The great thing about YouTube is that it made it easy for absolutely anyone to upload and share video with the world. The terrible thing about YouTube is that it made it easy for absolutely anyone to upload and share video with the world. YouTube is crawling with sketchy content that promotes toxic ideas and conspiracy theories, and it has only started addressing that. A new report from Bloomberg claims that YouTube spent years pretending the problem didn't exist for one reason: clicks.

It doesn't take long to find videos on YouTube that claim mass shootings are hoaxes using "crisis actors" or that vaccines cause autism. Engineers have allegedly been fretting openly about the proliferation of such content on the platform and how it appears in recommendations for years, but CEO Susan Wojcicki and her team have brushed off those fears. One engineer pitched flagging incendiary videos so they wouldn't show up in recommendations. Others wanted to undertake projects to track the popularity of conspiracy theories and alt-right extremism. In all cases, YouTube executives allegedly declined to proceed in order to keep engagement numbers up.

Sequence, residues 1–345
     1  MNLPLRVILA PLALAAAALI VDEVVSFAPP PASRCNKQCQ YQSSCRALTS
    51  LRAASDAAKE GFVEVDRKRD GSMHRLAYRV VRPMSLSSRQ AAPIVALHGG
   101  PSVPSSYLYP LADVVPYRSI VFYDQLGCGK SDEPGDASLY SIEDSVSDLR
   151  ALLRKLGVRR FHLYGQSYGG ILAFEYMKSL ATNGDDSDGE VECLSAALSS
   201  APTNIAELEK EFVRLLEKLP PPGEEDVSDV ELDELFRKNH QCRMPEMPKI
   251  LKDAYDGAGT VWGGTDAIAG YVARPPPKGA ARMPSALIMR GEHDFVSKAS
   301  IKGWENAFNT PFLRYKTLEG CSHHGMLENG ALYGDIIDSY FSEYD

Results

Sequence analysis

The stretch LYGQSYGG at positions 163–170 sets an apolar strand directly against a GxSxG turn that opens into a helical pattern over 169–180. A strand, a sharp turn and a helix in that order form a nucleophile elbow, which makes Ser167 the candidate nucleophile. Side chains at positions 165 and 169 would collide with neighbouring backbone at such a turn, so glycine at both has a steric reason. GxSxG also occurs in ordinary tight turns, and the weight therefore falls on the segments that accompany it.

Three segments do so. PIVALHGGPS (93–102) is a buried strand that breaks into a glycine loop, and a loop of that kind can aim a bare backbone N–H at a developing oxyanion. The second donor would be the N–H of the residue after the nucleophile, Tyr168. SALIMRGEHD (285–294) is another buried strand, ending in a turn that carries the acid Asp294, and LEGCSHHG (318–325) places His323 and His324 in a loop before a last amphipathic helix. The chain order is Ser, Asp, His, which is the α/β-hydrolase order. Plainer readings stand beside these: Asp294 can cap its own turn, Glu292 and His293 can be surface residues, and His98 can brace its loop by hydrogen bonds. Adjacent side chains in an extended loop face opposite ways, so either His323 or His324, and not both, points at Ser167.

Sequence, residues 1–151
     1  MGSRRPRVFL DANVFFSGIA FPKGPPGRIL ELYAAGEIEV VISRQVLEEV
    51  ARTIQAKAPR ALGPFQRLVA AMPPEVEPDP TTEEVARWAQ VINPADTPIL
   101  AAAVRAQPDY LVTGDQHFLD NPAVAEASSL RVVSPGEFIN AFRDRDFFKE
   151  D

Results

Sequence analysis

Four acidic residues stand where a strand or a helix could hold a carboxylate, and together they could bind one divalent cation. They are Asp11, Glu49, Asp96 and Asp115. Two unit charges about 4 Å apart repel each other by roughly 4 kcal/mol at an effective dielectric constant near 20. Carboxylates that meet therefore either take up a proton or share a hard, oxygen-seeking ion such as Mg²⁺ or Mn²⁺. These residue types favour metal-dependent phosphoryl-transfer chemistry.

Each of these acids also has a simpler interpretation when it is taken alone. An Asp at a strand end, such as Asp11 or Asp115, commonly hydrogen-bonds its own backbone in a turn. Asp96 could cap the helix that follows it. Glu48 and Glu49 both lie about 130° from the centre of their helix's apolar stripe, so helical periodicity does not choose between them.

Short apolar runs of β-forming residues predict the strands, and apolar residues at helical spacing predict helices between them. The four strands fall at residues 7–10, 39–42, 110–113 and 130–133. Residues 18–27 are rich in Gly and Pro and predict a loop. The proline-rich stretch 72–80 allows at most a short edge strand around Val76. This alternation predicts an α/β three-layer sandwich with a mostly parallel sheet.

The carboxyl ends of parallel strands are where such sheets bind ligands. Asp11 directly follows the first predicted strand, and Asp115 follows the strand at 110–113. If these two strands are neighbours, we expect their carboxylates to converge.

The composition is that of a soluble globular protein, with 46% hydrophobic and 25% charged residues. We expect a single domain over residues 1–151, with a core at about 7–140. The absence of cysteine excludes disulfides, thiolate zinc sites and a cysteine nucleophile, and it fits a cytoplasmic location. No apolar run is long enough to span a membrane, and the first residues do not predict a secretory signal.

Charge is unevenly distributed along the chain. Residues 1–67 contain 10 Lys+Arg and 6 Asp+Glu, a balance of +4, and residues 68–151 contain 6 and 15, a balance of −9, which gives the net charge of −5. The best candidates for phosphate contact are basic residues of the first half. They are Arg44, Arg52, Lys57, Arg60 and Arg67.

YouTube's best behind-the-scenes attempts to fix things could have actually made YouTube even worse. For example, insiders recount an effort called Project Bean in 2016-2017 to stop paying creators based on ad views and instead evenly distribute money based on engagement. However, that would have just fed cash into the coffers of channels like Infowars, which YouTube booted several months ago. Google CEO Sundar Pichai shot down Project Bean before it could be implemented.

Even with the issue now getting some attention, YouTube has failed to articulate any coherent strategy to address it. Its attempts to link authoritative information on shady videos have been hit and miss, and the company won't explain any of the alleged changes to its recommendation algorithms. YouTube's platform may just be too large to manage efficiently.